WI and boaters

BJG writes on the Irish Waterways History  “I invited Adele Picard to write a piece explaining why canal-based boaters are distrustful of Waterways Ireland. I am very grateful to her for agreeing to do so. The post’s appearance here does not mean that Adele and I agree on all the issues, but we are agreed that relationships are important and that the relationship between WI and canal-based boaters needs to be improved.”

Relationships between WI and canal boaters

This piece explores a range of issues faced by canal users in recent years.

I set up home in 2003 when my partner and I bought our first narrow boat Chimwemwe. We lived in Lowtown and enjoyed the lifestyle on board so much, we bought a wide-beam barge, Rigmarole, in 2005.  We moved ashore in 2007 and soon after got married and started a family.  Fortunately, my two little boys are just as mad about the boat as we are and we enjoy cruising all over Ireland on the inland waterways.

In this piece, I will be talking about issues that I have witnessed myself as well as first-hand accounts that have been related to me by others. I would like to point out at this stage that what follows is my personal opinion and is in no way claimed to be representative of views that may be held by any Irish boating organisations where I am a member.

Lack of regulation and enforcement of bye-laws has always been a contributing factor to the issues experienced by users of the canals and River Barrow. In the current times as Waterways Ireland (WI) attempts to ‘throw down the gauntlet’ and assert some kind of control over the navigations, a deepening of these issues is inevitable.

Control = a means of limiting or regulating something in order to mitigate any inherent risk that may occur.

At the moment, Waterways Ireland’s reputational risk among the boaters on the canals has been realised but can this risk now be mitigated?

Taking control of the electricity

During my time as a liveaboard in Lowtown, many boaters availed of the precious electricity supply, regardless of distance from their vessel to the power points. This resulted in long leads being run down the towpaths. When the clampdown started on this sort of thing by WI in 2006, a warning was shot across the bows and soon after the electricity was removed. In some cases, this action resulted in vulnerable people being left without shore power. People felt that this situation could have been handled better by WI. On the other hand, everybody knew that, underneath it all, this situation represented a serious health and safety violation. This for me was the first indication that WI was putting controls in place to minimise their exposure to risk.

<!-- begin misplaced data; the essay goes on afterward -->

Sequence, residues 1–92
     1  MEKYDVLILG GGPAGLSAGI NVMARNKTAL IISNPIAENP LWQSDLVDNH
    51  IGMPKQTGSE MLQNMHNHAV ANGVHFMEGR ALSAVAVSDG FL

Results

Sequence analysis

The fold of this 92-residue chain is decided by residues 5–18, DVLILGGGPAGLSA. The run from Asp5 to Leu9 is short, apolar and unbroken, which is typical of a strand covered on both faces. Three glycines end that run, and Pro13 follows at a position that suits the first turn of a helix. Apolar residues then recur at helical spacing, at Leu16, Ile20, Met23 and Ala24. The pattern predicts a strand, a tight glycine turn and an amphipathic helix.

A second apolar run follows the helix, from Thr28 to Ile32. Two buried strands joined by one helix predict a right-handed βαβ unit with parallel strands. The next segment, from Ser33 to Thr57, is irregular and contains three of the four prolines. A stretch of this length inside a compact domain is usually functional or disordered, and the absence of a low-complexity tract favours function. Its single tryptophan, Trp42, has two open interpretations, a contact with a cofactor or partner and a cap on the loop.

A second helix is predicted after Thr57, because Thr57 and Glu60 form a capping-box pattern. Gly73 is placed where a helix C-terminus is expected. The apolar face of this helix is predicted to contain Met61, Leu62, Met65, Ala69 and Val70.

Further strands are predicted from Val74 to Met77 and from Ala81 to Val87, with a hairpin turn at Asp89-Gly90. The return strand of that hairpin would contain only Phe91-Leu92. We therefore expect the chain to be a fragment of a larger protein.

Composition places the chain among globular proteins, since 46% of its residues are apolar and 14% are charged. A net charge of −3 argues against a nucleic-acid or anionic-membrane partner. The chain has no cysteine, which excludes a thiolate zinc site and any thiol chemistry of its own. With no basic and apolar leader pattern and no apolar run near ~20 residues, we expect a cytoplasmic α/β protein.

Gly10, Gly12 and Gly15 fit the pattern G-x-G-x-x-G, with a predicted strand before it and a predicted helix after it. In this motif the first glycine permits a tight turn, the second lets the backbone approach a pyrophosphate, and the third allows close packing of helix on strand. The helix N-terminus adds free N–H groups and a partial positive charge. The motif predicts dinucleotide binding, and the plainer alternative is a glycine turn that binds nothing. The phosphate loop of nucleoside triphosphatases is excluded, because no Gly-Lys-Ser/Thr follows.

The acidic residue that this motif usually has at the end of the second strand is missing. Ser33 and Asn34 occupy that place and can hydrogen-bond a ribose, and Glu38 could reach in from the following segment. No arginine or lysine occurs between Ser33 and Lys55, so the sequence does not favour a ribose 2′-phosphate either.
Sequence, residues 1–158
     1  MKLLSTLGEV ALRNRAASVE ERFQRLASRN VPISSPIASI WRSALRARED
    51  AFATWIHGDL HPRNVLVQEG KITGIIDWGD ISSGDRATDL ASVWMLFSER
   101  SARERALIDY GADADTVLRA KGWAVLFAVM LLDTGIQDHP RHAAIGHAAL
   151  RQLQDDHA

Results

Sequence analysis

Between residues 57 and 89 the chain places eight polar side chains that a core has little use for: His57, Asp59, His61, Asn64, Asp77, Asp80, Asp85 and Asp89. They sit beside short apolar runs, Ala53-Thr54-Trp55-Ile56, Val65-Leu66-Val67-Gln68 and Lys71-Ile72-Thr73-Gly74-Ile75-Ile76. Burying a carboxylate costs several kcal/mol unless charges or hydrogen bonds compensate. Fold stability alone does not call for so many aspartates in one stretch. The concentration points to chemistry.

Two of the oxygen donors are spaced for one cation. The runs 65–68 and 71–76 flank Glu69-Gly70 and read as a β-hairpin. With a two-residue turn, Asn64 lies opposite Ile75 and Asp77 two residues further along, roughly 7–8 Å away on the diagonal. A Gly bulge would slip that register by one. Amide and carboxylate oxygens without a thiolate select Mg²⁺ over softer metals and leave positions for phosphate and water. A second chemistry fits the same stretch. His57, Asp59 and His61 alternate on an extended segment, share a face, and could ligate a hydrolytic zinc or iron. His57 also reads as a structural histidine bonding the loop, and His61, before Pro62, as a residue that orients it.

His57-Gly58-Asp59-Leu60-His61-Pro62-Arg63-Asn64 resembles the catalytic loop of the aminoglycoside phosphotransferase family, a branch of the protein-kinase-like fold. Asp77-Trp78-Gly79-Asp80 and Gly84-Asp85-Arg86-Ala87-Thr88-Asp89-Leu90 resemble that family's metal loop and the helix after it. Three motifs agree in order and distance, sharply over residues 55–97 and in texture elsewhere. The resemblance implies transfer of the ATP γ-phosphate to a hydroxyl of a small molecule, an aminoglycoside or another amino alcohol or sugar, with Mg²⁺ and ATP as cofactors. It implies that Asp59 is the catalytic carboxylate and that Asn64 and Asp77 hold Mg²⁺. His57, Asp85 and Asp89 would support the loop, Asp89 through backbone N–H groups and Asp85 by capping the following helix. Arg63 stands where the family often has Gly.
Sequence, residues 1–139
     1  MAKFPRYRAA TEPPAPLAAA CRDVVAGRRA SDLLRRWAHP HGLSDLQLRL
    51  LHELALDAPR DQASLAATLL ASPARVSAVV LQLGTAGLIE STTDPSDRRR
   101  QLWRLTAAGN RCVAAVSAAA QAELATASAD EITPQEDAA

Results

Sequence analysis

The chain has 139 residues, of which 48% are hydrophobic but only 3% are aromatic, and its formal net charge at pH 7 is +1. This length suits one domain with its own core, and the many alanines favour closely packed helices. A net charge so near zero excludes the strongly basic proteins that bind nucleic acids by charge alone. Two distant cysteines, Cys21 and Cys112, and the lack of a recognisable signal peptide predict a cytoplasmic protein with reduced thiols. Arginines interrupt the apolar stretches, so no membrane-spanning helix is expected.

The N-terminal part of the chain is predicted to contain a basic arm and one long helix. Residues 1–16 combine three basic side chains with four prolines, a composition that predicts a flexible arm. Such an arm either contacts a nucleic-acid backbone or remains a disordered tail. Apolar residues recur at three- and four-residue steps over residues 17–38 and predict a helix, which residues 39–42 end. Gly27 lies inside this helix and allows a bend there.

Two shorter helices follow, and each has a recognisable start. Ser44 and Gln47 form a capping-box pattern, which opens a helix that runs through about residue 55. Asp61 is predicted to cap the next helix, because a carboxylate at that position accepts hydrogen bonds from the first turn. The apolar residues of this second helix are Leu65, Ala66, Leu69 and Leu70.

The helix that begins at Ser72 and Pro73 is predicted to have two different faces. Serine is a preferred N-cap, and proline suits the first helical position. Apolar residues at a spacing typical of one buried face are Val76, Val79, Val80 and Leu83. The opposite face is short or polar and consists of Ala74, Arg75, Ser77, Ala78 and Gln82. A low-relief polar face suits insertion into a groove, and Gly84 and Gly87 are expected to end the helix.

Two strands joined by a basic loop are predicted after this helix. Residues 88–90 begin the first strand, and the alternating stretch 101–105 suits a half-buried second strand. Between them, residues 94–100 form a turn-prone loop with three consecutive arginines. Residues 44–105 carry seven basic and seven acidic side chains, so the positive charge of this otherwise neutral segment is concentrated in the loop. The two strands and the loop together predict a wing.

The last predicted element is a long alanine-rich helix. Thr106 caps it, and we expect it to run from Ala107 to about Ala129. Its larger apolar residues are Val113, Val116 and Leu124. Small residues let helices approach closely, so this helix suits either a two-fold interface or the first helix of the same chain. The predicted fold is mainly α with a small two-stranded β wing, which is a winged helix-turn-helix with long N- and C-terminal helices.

The Lowtown fiasco

In early 2012, after WI pulled out of a deal with Robert Few and Vita Marine on the expansion of Lowtown Marina, a meeting was held with the residents, a representative from WI and the management of Vita Marine. What came out of that meeting was that everybody moored there had to leave within the following 30 days due to health and safety concerns.

This is where we as a boating community started to engage with WI on the issues, mostly through the Property and Legal section. The frustration of going back and forth with emails and letters with no clear answers forthcoming from WI was disheartening. Furthermore, the action led to the desolation and abandonment of Lowtown. This is when we started to open our eyes to the lack of willingness from WI to engage with the boating community. Legal proceedings began shortly afterwards, and we got very little information after that.

Rollout of new permits

The introduction of new permits in 2012 was at first to me a positive step, as one of the main issues on the canal is the number of sunken vessels; there was a real need to implement controls where every vessel is registered so owners can be contacted.

Then you go a little deeper and realise that these permits come with new issues. I would like to make it very clear that I have no problem paying for permits, but the following issues have not been dealt with to my satisfaction:

• the legality of the new indemnity clause
• the lack of an appeals process when and if there is action taken
• the need for a deposit
• The lack of a dispute resolution mechanism